A Guide to Overcoming FOBO, the Fear of Better Options
How to get better at making decisions when every choice looks like a good one
Perhaps one of these scenarios feels familiar: Wasting an hour swiping through Tinder, only to emerge with nothing but a tired thumb. Working your way through endless offerings on Netflix (and Amazon Prime, Hulu, and HBO On Demand) and eventually falling asleep after failing to watch anything. Taking so long to decide on an Uber Eats order that by the time you actually land on a meal, you’re too hungry to wait for it to arrive and make yourself a sandwich instead.
We have more choice than ever in our daily lives — but while choice is supposed to feel liberating, it can often feel exhausting instead. Research has shown that we aren’t wired to handle an abundance of decisions: In one recent study, researchers using an MRI to monitor participants’ brains noticed more activity when the subjects had to choose one option out of 12 than when the pool of choices was six or 24. When faced with too many choices, people became as disengaged as when they had too few.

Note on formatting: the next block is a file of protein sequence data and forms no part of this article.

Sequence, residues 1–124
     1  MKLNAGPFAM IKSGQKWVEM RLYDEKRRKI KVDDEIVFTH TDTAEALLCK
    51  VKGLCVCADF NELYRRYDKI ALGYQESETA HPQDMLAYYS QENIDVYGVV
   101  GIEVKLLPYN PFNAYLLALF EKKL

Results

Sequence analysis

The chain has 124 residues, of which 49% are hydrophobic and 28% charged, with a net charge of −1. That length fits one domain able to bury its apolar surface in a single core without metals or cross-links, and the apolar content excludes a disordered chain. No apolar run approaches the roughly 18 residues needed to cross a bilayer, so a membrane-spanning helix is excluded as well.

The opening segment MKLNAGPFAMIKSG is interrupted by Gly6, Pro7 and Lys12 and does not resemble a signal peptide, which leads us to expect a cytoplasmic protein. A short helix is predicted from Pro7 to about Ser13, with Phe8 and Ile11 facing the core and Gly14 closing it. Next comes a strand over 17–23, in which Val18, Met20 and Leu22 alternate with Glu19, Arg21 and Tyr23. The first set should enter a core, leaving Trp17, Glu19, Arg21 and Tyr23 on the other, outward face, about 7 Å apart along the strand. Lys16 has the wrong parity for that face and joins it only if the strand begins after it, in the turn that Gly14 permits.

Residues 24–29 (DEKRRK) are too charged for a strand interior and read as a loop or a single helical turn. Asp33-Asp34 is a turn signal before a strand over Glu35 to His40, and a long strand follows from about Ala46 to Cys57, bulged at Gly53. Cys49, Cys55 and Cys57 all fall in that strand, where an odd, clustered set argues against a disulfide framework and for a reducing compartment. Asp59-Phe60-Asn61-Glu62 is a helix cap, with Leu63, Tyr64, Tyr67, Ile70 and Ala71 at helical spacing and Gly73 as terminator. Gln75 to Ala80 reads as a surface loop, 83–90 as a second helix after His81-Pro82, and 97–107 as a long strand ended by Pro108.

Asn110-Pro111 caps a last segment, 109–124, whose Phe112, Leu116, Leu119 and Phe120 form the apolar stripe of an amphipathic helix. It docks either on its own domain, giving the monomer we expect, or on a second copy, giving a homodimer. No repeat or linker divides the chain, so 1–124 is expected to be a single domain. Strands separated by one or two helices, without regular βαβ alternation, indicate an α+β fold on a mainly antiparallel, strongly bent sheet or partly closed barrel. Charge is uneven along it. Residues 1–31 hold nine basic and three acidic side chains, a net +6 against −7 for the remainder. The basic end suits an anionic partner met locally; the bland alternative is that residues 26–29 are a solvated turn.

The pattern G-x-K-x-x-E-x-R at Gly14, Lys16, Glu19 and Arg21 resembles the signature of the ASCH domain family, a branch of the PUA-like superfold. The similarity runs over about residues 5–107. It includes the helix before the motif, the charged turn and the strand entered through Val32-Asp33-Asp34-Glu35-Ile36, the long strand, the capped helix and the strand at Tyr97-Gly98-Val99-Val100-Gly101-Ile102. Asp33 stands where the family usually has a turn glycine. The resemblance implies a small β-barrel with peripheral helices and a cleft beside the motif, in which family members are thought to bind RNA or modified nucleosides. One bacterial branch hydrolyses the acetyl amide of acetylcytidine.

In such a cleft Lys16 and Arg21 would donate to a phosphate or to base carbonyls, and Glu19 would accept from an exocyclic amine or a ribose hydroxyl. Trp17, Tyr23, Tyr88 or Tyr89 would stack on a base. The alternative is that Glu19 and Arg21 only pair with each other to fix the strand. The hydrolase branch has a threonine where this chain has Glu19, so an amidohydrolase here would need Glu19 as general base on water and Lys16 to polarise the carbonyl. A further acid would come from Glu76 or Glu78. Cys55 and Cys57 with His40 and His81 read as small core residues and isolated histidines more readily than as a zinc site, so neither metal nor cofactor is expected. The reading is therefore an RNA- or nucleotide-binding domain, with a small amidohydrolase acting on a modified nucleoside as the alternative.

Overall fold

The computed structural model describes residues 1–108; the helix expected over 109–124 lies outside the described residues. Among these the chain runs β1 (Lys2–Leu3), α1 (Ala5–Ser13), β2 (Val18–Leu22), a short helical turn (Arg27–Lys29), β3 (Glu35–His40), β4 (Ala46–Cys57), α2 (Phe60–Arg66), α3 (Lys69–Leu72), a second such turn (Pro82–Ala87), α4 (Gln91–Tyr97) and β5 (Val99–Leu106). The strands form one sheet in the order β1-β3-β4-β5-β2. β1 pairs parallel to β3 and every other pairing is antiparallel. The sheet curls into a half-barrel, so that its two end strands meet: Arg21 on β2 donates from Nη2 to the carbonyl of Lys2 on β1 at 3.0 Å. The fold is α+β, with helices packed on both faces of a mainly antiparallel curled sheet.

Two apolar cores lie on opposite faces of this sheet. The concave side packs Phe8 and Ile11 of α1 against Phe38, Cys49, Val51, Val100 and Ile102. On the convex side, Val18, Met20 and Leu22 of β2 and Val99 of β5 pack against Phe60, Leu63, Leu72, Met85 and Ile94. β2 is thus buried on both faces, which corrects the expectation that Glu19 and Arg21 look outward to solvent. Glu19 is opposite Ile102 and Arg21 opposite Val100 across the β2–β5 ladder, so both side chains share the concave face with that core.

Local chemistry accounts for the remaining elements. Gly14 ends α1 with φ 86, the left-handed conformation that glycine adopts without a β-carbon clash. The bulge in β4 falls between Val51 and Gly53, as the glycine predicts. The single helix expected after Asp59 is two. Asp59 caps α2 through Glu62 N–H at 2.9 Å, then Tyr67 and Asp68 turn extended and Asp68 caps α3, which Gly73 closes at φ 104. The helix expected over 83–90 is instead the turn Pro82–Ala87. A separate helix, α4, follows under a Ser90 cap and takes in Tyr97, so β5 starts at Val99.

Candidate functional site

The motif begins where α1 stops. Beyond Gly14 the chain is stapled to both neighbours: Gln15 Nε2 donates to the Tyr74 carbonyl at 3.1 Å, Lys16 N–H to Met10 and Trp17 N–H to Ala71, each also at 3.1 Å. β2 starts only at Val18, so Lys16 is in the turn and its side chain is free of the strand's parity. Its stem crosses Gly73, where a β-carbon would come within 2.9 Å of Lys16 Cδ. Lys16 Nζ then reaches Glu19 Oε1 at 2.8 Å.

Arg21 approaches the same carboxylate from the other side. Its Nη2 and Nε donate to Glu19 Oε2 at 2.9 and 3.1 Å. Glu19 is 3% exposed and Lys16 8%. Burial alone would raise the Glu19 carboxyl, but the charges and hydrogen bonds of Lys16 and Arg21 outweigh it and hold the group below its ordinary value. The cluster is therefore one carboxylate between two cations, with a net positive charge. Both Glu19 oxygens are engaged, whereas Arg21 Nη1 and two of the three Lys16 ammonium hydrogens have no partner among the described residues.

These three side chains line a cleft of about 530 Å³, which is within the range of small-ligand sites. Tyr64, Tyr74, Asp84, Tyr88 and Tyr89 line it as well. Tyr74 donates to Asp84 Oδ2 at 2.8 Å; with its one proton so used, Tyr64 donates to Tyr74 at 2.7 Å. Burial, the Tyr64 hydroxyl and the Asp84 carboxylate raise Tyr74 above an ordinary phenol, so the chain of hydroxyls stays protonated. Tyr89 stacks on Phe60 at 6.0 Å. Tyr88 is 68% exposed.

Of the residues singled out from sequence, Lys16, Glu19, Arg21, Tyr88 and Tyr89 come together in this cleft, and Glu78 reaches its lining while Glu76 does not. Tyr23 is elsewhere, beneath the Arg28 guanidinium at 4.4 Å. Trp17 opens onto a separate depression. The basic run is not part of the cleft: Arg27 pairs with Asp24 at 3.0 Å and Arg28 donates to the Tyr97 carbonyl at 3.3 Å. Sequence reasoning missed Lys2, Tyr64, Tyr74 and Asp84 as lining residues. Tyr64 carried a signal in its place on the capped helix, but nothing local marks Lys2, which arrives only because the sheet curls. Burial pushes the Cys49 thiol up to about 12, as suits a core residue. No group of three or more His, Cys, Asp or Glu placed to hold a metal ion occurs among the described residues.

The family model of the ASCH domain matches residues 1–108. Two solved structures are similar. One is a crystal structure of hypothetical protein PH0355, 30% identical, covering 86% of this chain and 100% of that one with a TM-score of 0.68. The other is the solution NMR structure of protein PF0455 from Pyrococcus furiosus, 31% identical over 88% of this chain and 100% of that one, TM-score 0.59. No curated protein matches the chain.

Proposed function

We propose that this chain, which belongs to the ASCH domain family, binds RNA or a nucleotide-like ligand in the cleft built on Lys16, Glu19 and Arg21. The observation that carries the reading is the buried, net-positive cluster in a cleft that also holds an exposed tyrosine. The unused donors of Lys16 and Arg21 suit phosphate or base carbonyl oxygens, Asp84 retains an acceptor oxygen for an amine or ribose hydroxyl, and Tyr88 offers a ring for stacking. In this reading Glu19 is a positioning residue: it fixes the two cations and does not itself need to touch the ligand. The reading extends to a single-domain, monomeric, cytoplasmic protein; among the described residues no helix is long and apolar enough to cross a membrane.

There are a few different names for this sort of paralyzing fatigue. Psychologist Barry Schwartz highlighted what he called “the paradox of choice” in his 2004 book of the same name. Some experts call it “choice overload” or “overchoice.” And some call it, simply, FOBO: the fear of better options.
It’s a catchy term for something that can have a real, detrimental effect on our lives. FOBO “paralyzes choice and can make you feel bad about even a good choice, with a grass-is-greener effect,” explains Colin Camerer, a co-author of the MRI study and a professor of behavioral economics at Caltech. “[Another] outcome is that we can postpone important choices — like picking a company 401(k) or getting serious about a relationship — because there are too many options and the process seems overwhelming.”
Some people will naturally be more susceptible to this type of thinking than others.
A branch of psychology research divides people into two categories: minimizers, also known as “satisficers”, who search until they find an option that’s good enough to meet all their criteria, and then stop; and maximizers, who want to find the very…